We’ve just caught up with our friend and freelance reviewer, Emily McDonnell, who’s shared some tips from her first solo travels…
2015 ended with a bang and I found myself facing a plethora of new horizons – a prospect that was both terrifying and exciting. My one resolution for 2016 was that I’d travel alone for the very first time.
I began talking to friends about travelling solo and was overwhelmed by the positive stories I heard. I decided to test the waters in April with a visit to Dubrovnik, and after an inspiring and empowering week, I took the plunge and booked a trip to Singapore and Malaysia.
Now that I’ve done it, I can only encourage others to do the same – it opened my mind and reinvigorated my soul (perhaps a little dramatic, but true all the same). But taking the decision to go it alone is a big one. Here are a few solo travel tips from my own experience.
Take the plunge
Yes, my New Year’s resolution was to travel alone, but saying it and doing it are two very different things. You’ll have lots of concerns. Will you get lonely? Will you hate it? Well, you’ll never know unless you try! One lunchtime, I turned to my friend and muttered “I’ve just booked a flight to Croatia”. It was one of the best decisions I’ve ever made.
Pick a destination that matches your interests
It sounds obvious, but make sure you choose a destination that suits your interests and personality. Rome is great for culture and food, but it’s constantly busy and buzzing. Langkawi is naturally beautiful with lots of gorgeous hidden beaches, but evenings can be sleepy.
Test the water
Baby steps are OK. I was so convinced I’d get bored of my own company that I booked a four-night break in Dubrovnik, where I knew there were plenty of sights to keep me entertained. I enjoyed it so much that I then booked a three-week trip to Asia!
Do what you feel like
If you feel tired and grumpy because you got caught in a Croatian thunderstorm, and you just want to eat a huge bowl of pasta and curl up for a nap, then do! And by the same token, if you decide you want to visit your fourth botanical garden while in Malaysia, then do! Travelling alone is about empowering yourself, not about doing things because you feel you should.
Don’t be scared to eat alone
I was terrified of going for my first solo meal. I sat in my Dubrovnik apartment contemplating getting some bread and cheese from the supermarket instead. Even after psyching myself up and heading out to my chosen restaurant, I freaked out, purposefully took a right turn instead of a left, and went to a cliff-top bar for some Dutch courage. But nobody blinked an eyelid when I asked for a table for one. I had my book for company between courses, but I didn’t make as much use of it as I thought I would. It was really enjoyable.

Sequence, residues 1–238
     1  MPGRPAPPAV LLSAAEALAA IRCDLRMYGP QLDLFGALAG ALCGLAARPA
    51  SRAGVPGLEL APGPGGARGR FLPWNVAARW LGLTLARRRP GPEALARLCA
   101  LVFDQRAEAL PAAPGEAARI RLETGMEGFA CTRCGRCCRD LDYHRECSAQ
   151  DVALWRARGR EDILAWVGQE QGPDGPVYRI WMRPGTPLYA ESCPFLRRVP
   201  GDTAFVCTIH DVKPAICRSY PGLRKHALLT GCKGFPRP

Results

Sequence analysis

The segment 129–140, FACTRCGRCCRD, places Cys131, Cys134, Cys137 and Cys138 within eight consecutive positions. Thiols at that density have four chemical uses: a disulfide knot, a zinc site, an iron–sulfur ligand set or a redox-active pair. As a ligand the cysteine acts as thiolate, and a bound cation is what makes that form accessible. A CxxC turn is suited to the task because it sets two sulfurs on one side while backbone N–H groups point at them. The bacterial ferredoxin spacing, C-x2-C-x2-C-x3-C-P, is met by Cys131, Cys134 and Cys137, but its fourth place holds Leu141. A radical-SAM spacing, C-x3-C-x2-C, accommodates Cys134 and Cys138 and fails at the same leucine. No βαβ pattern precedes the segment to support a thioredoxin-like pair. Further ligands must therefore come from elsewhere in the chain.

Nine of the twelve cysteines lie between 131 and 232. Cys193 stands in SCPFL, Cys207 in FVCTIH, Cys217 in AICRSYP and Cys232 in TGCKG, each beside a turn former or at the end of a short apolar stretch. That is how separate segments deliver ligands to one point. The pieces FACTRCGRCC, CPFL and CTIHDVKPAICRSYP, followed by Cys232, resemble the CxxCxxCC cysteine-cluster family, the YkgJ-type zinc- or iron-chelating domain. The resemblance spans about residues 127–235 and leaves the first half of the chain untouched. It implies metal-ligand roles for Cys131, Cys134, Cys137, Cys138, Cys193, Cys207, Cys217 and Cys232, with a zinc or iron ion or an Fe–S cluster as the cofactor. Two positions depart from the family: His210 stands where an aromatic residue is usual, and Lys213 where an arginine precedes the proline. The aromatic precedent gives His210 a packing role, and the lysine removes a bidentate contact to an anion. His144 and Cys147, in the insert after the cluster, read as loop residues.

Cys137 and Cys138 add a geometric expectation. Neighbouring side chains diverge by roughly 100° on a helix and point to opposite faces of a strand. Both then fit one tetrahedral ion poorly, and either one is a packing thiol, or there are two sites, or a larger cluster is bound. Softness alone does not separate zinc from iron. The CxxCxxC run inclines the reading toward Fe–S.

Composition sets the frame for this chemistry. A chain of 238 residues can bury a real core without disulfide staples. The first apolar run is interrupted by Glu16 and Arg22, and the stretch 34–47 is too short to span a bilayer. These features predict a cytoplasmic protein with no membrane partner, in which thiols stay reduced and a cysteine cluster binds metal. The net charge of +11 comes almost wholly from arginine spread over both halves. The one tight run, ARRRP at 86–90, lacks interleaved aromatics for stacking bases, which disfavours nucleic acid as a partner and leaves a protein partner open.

People are nice
I had so many interesting conversations with a whole variety of people who I wouldn’t have met had I not been travelling alone, and my life genuinely feels enriched because of them. I spoke to older couples who wanted to share their adventures, families who told me about the trials and tribulations of awaiting GCSE results, and locals who tipped me off about their favourite hangouts. I went for day trips and jungle dinners with people I’d only just met. I quickly learned that people are far more receptive to body language than I’d realised. If I was feeling sociable I just looked up and smiled; if I wasn’t, I kept myself to myself.
As a single woman, I was of course concerned about my safety. But a few simple measures can help:
Research where to stay. It’s always worth paying more to stay somewhere where you don’t have to walk back in the dark or along an empty road – your safety is far more valuable than money.
Make sure your phone is fully charged and can make calls. And memorise the local emergency number, just in case.
If you’re in a taxi or walking home, have a fake (or real) phone conversation with someone to let them know you’re on your way back and can be expected soon.
Write down the address of where you’re staying. I nearly got stranded because my driver had never heard of my hotel, and I didn’t know where it was.
Give someone at home your itinerary, and if you can, chat to the receptionists at your hotel to let them know you’re going out for dinner. They will then be aware of your movements and may keep an eye out for you – plus they’ll probably have some good tips!
Get a feel for the area before you head too far at night. Watch how people interact and how things work. In Kuala Lumpur, I started with a short walk down a brightly lit road to a nearby sight. Once I felt comfortable, I went for a cocktail further afield.
If you’re a woman, consider wearing a fake wedding ring. It might sound strange, but it can ward off any unwanted advances.
Learn the local transport rules. Do people get taxis through an app, from a taxi rank, or just hail them on the street? Are buses reliable, and how late do they run? Can you get the metro, and which station is closest to where you’re staying?
You really don’t need as much as you think you do. I had a few go-to outfits which I wore constantly. Comfort over style is definitely the way forward!
How often do you take time out just for you? Say yes to that spa afternoon, to the organised excursion, to the tacky souvenir. I promise that you’ll never look back and say “I wish I had that extra £10”.
Ensure you get some pictures with you in them, as they’re the best memories – either ask people to take a photo, use a self-timer or invest in a selfie stick. I get a smug smile whenever I look back at mine, as I’m proud of myself for having travelled alone.